Rare animals
Find rare and non-game animals.
Rare plants
Learn about plants on the Natural Heritage Working List.
Rare lichens
Discover Wisconsin's lichens.
Natural communities
Explore Wisconsin's natural communities.
Other features
Discover unique resources.
Contact information
For information on Wisconsin's natural communities, contact:
Ryan O'Connor
Natural Heritage Inventory Ecologist

Northern Forests communities of Wisconsin

Wisconsin's northern forest communities are found north of the vegetative Tension Zone, an area of climatic transition where the prairies and oak savannas that historically dominated southern Wisconsin changed to mixed deciduous-coniferous forests. Today, vegetation still changes along the Zone, but the transition is largely from agricultural uses to a more continuous forest cover. The shorter growing season in northern Wisconsin, away from Lake Michigan, makes this area less suitable for agriculture and allows forest to predominate.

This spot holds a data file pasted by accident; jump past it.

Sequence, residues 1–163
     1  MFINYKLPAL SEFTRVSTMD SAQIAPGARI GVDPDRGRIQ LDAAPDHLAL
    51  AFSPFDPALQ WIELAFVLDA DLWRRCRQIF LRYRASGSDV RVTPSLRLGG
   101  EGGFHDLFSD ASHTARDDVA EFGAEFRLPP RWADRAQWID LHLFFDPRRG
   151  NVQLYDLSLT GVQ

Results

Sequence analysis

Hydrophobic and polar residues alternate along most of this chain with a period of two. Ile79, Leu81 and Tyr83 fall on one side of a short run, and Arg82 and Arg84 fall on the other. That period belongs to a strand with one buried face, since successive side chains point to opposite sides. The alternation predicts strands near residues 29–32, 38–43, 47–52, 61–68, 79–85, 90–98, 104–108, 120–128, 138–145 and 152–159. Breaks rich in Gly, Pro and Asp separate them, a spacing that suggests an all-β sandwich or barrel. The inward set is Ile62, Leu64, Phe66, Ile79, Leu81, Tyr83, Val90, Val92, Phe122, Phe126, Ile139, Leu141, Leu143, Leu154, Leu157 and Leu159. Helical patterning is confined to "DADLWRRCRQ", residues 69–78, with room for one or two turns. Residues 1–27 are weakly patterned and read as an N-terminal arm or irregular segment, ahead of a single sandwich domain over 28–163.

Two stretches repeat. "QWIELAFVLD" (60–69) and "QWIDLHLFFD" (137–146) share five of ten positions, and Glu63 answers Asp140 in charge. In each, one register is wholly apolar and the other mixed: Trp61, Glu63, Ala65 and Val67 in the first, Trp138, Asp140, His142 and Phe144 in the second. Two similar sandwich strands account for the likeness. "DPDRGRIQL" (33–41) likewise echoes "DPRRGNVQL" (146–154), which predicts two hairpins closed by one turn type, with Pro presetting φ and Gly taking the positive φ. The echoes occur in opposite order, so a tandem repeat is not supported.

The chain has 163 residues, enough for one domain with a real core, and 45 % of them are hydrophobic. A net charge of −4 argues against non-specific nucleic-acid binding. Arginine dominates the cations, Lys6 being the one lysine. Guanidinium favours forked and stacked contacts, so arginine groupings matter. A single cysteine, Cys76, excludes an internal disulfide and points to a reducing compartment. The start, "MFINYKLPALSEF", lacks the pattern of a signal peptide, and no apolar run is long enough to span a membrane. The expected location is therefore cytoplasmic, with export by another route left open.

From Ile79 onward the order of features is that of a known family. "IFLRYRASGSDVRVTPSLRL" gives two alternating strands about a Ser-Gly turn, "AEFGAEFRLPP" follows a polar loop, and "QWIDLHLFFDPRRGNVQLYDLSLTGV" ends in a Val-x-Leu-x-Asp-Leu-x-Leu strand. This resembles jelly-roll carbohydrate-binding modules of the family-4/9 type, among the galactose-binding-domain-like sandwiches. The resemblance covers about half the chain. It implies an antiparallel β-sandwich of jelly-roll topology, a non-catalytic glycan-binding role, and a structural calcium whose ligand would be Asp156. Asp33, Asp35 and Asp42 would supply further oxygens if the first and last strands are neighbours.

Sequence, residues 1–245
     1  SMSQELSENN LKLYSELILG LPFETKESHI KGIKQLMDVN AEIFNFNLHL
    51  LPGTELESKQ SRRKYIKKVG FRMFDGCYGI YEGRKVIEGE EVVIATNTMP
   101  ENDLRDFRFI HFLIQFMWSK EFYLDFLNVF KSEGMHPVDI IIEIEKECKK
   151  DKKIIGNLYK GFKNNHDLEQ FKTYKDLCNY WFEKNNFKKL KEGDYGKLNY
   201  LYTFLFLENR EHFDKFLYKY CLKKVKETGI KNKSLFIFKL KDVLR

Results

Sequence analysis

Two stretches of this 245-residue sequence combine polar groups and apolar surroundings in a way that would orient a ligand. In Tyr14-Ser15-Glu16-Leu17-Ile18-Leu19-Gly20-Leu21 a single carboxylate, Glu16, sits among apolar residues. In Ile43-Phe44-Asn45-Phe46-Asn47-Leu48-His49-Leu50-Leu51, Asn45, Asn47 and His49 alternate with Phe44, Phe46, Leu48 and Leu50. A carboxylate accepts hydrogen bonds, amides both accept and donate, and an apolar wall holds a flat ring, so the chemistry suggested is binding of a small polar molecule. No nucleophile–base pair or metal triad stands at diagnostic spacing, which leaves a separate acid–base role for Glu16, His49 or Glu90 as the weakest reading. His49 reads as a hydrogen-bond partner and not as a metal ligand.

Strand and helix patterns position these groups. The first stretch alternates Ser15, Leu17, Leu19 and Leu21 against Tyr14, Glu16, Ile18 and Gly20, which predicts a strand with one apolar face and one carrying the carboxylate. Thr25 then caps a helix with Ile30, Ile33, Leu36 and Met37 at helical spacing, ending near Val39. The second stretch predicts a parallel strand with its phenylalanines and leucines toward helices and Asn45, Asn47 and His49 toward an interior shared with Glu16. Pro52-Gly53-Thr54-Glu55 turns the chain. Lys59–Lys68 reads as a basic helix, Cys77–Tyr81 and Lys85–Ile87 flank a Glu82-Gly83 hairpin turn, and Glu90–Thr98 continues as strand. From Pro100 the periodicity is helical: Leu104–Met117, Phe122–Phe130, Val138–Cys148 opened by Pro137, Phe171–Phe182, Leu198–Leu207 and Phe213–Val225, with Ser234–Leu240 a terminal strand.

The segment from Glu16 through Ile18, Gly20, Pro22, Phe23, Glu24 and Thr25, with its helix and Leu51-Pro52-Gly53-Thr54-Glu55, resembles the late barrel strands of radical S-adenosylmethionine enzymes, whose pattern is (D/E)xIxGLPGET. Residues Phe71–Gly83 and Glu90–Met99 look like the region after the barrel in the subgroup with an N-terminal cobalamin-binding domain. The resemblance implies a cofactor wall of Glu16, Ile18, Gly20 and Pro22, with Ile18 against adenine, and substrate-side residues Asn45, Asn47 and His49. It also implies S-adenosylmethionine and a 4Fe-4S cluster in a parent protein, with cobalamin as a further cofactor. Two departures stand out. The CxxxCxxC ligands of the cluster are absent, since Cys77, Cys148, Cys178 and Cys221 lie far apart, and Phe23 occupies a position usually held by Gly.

Forest ecosystems were drastically disturbed between the 1850s and early 1930s when nearly all of the primary forest was harvested or burned during the Cutover. Pine logging began near large rivers as early as the 1830s. Starting around 1870 and continuing into the 1920s, fires had a major effect on the northern forest, occurring with greater frequency and intensity due to "slash" left from logging. By the turn of the century, pulp mills were constructed to utilize the less-desirable wood, beginning the gradual switch to a pulp-dominated industry. Public reaction to the abuses of the Cutover resulted in legislation and government programs designed to rehabilitate the impacted forests.

Data from the Forest Inventory and Analysis Program indicate that in 1996 there were approximately 10.9 million acres of forest north of the Tension Zone, covering 58% of the area. Northern forests make up 69% of the total forested area statewide. In 1996, maple-basswood was the most common forest type group in the northern forest, followed by aspen-birch. Lesser components included the oak-hickory, spruce-fir, pines and lowland hardwood groups.

Last revised: Tuesday, August 30, 2022